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Cerebral blood flow and glucose metabolism in healthy volunteers measured using a high-resolution PET scanner

Marc C Huisman1, Larissa W van Golen2*, Nikie J Hoetjes1, Henri N Greuter1, Patrick Schober3, Richard G Ijzerman2, Michaela Diamant2 and Adriaan A Lammertsma1

Author Affiliations

1 Department of Nuclear Medicine & PET Research, VU University Medical Center, Amsterdam, 1081, HV, The Netherlands

2 Diabetes Center/Department of Internal Medicine, VU University Medical Center, Amsterdam, 1081, HV, The Netherlands

3 Department of Anesthesiology, VU University Medical Center, Amsterdam, 1081, HV, The Netherlands

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EJNMMI Research 2012, 2:63  doi:10.1186/2191-219X-2-63

Published: 20 November 2012

Abstract

Background

Positron emission tomography (PET) allows for the measurement of cerebral blood flow (CBF; based on [15O]H2O) and cerebral metabolic rate of glucose utilization (CMRglu; based on [18 F]-2-fluoro-2-deoxy-D-glucose ([18 F]FDG)). By using kinetic modeling, quantitative CBF and CMRglu values can be obtained. However, hardware limitations led to the development of semiquantitive calculation schemes which are still widely used. In this paper, the analysis of CMRglu and CBF scans, acquired on a current state-of-the-art PET brain scanner, is presented. In particular, the correspondence between nonlinear as well as linearized methods for the determination of CBF and CMRglu is investigated. As a further step towards widespread clinical applicability, the use of an image-derived input function (IDIF) is investigated.

Methods

Thirteen healthy male volunteers were included in this study. Each subject had one scanning session in the fasting state, consisting of a dynamic [15O]H2O scan and a dynamic [18 F]FDG PET scan, acquired at a high-resolution research tomograph. Time-activity curves (TACs) were generated for automatically delineated and for manually drawn gray matter (GM) and white matter regions. Input functions were derived using on-line arterial blood sampling (blood sampler derived input function (BSIF)). Additionally, the possibility of using carotid artery IDIFs was investigated. Data were analyzed using nonlinear regression (NLR) of regional TACs and parametric methods.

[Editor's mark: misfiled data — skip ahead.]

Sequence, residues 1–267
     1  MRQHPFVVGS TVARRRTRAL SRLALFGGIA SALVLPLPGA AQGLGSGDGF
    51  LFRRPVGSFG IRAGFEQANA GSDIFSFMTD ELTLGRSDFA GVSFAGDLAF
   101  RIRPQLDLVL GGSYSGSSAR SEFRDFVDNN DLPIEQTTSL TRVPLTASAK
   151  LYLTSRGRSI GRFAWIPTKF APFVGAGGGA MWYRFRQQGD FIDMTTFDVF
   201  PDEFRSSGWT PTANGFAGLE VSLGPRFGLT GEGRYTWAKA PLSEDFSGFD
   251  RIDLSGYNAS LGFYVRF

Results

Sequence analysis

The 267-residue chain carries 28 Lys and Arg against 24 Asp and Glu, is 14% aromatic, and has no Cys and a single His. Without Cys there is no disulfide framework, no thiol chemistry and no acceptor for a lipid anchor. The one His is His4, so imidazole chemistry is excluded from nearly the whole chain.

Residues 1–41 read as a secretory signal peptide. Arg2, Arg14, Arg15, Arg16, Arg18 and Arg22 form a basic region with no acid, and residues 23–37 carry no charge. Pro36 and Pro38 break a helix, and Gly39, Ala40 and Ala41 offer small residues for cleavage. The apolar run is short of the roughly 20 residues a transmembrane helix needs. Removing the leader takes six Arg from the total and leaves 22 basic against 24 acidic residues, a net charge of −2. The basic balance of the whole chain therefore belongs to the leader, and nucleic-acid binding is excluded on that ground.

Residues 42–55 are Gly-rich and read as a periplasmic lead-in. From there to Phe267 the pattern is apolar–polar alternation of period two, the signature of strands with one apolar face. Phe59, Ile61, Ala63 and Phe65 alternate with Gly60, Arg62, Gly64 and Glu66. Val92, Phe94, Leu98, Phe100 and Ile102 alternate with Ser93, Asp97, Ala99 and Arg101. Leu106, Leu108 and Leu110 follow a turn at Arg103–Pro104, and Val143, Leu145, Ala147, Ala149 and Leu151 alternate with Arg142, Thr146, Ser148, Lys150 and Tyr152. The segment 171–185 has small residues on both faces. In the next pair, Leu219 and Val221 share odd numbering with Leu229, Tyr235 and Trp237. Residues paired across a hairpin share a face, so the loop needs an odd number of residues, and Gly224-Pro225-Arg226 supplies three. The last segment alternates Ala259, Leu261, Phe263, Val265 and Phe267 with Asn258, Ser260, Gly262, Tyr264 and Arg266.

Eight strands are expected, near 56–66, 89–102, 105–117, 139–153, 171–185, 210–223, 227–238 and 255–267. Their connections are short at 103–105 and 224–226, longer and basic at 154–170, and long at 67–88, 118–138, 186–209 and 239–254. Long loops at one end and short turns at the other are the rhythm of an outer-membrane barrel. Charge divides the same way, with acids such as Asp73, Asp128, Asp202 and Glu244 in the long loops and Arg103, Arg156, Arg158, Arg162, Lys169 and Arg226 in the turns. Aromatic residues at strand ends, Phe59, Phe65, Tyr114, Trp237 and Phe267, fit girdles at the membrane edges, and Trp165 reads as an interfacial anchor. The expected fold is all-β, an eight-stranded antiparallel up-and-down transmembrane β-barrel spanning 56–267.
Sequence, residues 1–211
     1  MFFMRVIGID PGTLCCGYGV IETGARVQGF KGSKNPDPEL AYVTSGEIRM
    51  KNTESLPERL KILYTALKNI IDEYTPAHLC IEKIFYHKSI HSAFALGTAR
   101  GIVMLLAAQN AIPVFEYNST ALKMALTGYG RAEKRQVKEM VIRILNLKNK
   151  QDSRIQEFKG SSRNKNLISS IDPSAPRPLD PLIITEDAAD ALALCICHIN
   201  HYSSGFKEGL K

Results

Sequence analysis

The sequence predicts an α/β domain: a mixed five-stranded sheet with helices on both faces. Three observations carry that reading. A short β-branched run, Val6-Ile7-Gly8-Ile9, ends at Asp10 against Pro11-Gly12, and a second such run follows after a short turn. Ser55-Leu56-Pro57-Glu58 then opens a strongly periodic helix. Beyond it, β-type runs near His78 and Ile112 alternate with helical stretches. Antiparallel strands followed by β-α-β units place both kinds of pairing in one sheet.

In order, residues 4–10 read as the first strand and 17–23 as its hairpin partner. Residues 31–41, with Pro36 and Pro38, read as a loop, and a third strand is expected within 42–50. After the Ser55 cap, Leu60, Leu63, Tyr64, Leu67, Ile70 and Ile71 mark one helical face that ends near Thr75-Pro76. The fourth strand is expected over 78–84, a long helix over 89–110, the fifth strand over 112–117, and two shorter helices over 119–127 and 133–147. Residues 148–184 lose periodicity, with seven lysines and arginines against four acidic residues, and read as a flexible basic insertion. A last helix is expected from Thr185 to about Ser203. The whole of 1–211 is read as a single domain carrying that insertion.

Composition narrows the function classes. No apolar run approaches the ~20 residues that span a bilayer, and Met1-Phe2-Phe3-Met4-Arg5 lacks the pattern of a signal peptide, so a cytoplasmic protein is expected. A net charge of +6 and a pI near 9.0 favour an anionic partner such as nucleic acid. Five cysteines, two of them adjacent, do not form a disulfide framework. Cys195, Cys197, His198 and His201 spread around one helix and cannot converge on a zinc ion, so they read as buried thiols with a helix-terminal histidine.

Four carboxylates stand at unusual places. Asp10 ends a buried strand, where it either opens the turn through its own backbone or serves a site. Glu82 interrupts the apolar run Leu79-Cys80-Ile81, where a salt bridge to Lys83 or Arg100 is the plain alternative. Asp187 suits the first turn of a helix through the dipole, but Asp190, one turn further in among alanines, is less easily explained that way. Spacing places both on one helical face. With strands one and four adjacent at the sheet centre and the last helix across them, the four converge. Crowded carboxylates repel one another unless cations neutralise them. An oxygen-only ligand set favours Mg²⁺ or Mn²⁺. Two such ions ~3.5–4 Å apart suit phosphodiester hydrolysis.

Results

After quality control, 9 CMRglu and 11 CBF scans were available for analysis. Average GM CMRglu values were 0.33 ± 0.04 μmol/cm3 per minute, and average CBF values were 0.43 ± 0.09 mL/cm3 per minute. Good correlation between NLR and parametric CMRglu measurements was obtained as well as between NLR and parametric CBF values. For CMRglu Patlak linearization, BSIF and IDIF derived results were similar. The use of an IDIF, however, did not provide reliable CBF estimates.

Conclusion

Nonlinear regression analysis, allowing for the derivation of regional CBF and CMRglu values, can be applied to data acquired with high-spatial resolution current state-of-the-art PET brain scanners. Linearized models, applied to the voxel level, resulted in comparable values. CMRglu measurements do not require invasive arterial sampling to define the input function.

Trial registration

ClinicalTrials.gov NCT00626080

Keywords:
Cerebral blood flow; Cerebral metabolic rate of glucose consumption; [18 F]FDG; Full kinetic analysis; [15O]H2O; High-resolution research tomograph; Image-derived input function; Parametric images